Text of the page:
The TFL is a hip muscle that is very well known to physiotherapists. Although, it is very small in size but plays a key role along with the gluteal muscles to assist in movement and stabilization of the hip and knee.
The Tensor fasciae latae muscle is a part of gluteal muscles which helps in abduction, flexion and internal rotation of the hip joint. It is a fusiform muscle that is present between two layers of fasciae latae. Actually tensor fasciae latae means “stretcher of the sideband”. Tensor is an agent noun which means “to stretch”. Fasciae is a term which means “of the band” and latae is an adjective which means “side”. Although it isn’t a thick muscle but can easily be palpated because it lies above all hip muscles, especially in athletes who strengthen their hip muscles for example weightlifters and hurdlers.
2) TFL Length:
The TFL muscle is approximately 15cm long.
3) Proximal Attachment:
TFL proximally attached to the anterior superior iliac spine (ASIS) and anterior part of the iliac crest.
4) Distal Attachment:
Distally it is attached to the fascia lata which is a deep fasciae wrapped around entire thigh musculature. The fibers of gluteus maximus, the tensor fasciae latae and the aponeurosis of the gluteus medius making a transverse reinforcement called iliotibial tract. This band of connective tissue goes on the lateral side over the knee joint and attached to the lateral patellar retinaculum and lateral condyle of the tibia.
5) Nerve Supply:
The TFL is innervated by the superior gluteal nerve which arises from the posterior divisions of anterior rami of L4-S1 spinal nerves of the sacral plexus. The superior gluteal nerve goes into the gluteal region through greater sciatic foramen above the piriformis muscle, courses laterally between gluteus minimus and medius till it reaches tensor fascia lata and innervates all of these muscles as well.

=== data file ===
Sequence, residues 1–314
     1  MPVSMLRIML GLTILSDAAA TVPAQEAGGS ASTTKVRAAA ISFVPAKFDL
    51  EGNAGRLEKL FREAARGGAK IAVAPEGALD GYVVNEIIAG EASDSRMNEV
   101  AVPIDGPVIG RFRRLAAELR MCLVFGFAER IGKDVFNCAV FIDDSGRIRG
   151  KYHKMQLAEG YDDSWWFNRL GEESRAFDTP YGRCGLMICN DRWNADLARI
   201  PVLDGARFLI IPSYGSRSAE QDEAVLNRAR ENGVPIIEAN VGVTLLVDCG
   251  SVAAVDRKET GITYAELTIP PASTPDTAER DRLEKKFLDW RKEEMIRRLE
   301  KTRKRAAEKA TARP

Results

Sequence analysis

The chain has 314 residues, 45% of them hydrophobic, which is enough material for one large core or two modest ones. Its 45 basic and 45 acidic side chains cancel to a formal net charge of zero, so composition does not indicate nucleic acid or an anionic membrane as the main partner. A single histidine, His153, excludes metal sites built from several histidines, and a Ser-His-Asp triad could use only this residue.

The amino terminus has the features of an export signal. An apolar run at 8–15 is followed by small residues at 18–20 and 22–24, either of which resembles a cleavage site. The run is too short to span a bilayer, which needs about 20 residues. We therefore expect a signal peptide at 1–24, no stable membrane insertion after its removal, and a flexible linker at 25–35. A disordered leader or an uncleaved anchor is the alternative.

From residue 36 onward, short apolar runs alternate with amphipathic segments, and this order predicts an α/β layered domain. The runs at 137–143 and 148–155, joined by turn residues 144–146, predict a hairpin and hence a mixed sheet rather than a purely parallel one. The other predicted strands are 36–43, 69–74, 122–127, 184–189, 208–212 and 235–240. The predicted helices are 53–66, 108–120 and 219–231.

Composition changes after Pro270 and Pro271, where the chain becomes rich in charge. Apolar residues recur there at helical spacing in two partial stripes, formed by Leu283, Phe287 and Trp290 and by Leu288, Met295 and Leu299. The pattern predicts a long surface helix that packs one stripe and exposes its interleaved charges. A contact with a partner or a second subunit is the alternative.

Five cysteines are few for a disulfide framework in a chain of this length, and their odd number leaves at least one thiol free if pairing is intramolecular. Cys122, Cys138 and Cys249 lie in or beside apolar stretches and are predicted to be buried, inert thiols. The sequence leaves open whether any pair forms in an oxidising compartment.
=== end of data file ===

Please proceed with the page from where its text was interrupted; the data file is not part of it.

6) Blood Supply:
Tensor fasicae latae receives its blood supply from the deep branch of the superior gluteal artery which similar to superior gluteal nerve goes into the gluteal region via greater sciatic foramen above to the piriformis muscle. Here it divides into a superficial branch which supplies blood to the gluteal maximus and deep branch which supplies blood to the gluteus minimus, the gluteus medius and the tensor fasciae latae.
7) Venous Drainage:
The superior gluteal vein is a branch of internal iliac veins which serves as the venous drainage route.
- Basically the Tensor fasciae latae is a weak hip abductor but a prime mover in hip internal rotation.
- It works as a hip synergist in the abduction and flexion of the hip. To produce flexion, the TFL act along with the iliopsoas and rectus femoris. If due to any condition the iliopsoas becomes paralyzed, the tensor fasciae latae undergo muscular hypertrophy to compensate for the paralysis. TFL together with the gluteus medius and gluteus minimus works as an abductor/medial rotator.
- The TFL tenses the fasciae latae and iliotibial tract. Since the iliotibial tract is attached to the femur through the lateral intermuscular septum, the tensor produces movement of the leg to a small extent. In contrast, if the knee is completely extended, it helps to increase the extending force, stability and holds the femur on tibia when standing if a rhythmical movement from side to side occurs.